To test for a short, detach your trolling motor from its battery or batteries. Wrap the end of each circuit in electrical tape. Using a multimeter set to ohms, get a reading from your system cables.
If your multimeter shows any resistance, there’s a short. Find it by testing each connection junction to junction. When you see signs of resistance, replace the wires and test again.
Do this until there’s no extra resistance showing up on your meter. If you have tested and replaced and you still see signs of a short, take your trolling motor and battery to a marine electrician to get more help.
Your Wiring is Faulty
The best way to test for faulty wiring is to get your boat out on the water. Set it at about 70% of the maximum possible speed. You may want to get a friend to steer the boat while you run around checking the wiring.
Now, check all of your wires. Start by feel. If any of the wires feel hot to the touch, they probably need to be changed out.
You can also use your multimeter to test the voltage and amperage of each wire. The voltage should be high – around 12.3 volts if you have a 12-volt system and around 24.6 if you have a 24-volt system.
Since you are running your system at 70% power, you don’t want your amperage to be more than 70% of the max for your system. This number should be listed online or in the manual for your trolling motor.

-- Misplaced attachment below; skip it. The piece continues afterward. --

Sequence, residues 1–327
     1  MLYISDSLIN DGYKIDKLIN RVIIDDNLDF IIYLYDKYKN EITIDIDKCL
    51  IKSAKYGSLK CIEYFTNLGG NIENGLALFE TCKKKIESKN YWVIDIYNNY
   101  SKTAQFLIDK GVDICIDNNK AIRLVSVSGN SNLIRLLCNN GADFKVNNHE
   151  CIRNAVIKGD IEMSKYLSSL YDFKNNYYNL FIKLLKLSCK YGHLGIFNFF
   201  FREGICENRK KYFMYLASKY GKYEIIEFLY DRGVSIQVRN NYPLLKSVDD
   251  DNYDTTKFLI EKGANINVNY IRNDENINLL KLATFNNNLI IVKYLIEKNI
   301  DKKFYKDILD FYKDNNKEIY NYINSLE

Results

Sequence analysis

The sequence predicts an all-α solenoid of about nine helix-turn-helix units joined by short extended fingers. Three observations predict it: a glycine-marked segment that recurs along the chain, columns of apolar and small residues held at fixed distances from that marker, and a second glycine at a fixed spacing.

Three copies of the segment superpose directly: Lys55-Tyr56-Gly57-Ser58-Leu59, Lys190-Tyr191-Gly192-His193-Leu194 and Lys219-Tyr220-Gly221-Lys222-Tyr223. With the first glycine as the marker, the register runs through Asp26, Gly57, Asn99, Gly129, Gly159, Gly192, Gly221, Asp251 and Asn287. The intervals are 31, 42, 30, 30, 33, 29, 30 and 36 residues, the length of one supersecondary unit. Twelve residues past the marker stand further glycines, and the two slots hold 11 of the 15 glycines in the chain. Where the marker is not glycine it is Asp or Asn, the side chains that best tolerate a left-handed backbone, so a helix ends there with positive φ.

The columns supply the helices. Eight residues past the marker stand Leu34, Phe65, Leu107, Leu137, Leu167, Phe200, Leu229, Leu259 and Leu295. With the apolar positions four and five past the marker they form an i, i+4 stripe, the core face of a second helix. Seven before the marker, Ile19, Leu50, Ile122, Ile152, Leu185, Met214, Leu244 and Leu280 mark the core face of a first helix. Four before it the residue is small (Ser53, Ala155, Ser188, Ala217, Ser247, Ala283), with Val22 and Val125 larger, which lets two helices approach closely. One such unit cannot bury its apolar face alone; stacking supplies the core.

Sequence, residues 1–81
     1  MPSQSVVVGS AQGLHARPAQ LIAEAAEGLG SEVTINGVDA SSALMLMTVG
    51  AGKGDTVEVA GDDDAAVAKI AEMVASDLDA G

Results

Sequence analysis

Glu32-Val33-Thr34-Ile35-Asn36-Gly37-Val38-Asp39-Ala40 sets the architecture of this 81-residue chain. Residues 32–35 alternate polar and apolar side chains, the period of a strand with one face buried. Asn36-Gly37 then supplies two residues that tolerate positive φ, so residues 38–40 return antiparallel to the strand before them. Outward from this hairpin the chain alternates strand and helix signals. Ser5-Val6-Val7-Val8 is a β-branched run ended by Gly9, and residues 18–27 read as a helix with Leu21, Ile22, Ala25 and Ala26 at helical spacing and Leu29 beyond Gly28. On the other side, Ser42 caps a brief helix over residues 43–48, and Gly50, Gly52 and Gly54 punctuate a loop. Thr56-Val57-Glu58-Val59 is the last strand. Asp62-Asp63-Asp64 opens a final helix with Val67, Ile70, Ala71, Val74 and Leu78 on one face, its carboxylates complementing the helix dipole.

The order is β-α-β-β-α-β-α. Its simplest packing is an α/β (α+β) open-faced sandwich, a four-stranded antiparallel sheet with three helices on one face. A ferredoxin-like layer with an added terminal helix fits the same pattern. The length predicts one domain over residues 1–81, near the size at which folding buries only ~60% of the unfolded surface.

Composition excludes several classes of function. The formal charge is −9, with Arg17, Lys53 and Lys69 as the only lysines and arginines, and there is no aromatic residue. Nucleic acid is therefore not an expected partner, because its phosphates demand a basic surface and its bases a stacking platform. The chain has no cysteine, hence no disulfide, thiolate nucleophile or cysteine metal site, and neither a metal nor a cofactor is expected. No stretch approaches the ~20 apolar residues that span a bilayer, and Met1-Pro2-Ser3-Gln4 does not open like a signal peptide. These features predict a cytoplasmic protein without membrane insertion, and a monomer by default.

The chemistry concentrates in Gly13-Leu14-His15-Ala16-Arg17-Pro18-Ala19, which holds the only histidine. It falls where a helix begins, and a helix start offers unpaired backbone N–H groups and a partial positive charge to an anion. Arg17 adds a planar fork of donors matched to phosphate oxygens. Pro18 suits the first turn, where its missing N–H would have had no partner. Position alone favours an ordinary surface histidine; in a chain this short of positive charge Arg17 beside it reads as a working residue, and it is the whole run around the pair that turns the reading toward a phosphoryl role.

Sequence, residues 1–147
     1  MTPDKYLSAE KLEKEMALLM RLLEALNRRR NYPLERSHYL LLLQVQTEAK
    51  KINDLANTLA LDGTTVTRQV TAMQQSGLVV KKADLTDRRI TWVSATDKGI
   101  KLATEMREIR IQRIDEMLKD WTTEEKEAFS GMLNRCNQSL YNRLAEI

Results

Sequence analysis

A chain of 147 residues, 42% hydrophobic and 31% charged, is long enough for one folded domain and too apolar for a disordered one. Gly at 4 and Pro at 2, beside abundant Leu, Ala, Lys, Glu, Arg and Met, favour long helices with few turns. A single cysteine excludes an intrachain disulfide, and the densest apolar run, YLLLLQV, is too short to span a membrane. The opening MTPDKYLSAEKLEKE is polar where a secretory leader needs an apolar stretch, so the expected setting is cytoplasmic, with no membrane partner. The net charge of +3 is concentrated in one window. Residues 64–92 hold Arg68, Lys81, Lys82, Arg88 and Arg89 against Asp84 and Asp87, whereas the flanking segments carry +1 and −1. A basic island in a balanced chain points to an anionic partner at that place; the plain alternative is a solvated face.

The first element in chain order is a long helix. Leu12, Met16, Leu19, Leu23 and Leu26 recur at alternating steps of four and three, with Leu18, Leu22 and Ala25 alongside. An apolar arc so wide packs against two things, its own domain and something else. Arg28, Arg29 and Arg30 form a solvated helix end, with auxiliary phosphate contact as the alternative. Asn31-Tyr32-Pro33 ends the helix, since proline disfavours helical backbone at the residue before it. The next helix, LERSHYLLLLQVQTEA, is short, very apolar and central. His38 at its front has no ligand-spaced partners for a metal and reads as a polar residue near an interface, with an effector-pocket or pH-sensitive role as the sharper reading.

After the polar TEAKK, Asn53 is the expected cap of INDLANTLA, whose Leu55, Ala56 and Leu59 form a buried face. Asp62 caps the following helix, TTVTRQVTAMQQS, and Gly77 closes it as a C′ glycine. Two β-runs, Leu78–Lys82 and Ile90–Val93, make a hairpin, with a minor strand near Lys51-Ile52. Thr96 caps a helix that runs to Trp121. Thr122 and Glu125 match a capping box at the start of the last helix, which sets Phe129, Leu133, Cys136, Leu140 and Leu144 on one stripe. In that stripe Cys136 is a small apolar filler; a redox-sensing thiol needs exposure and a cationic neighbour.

If you find faulty wires, replace them and test again to make sure you found the problem and fixed it.
It’s important to know how to troubleshoot your trolling motor and its battery so you can get as much life as possible out of both of them. After all, they can be expensive to replace, and you don’t want to invest more in this system than you have to.
Once you figure out why your trolling motor battery won’t last, you should be able to fix the problem fast. Then you can get back to all of the fishing that you love so much.
I created this site to help people – to help you – with your boat problems. Instead of helping one person at a time, I want this website to be the “one-stop-shop” for everyone’s boating concerns. Read more.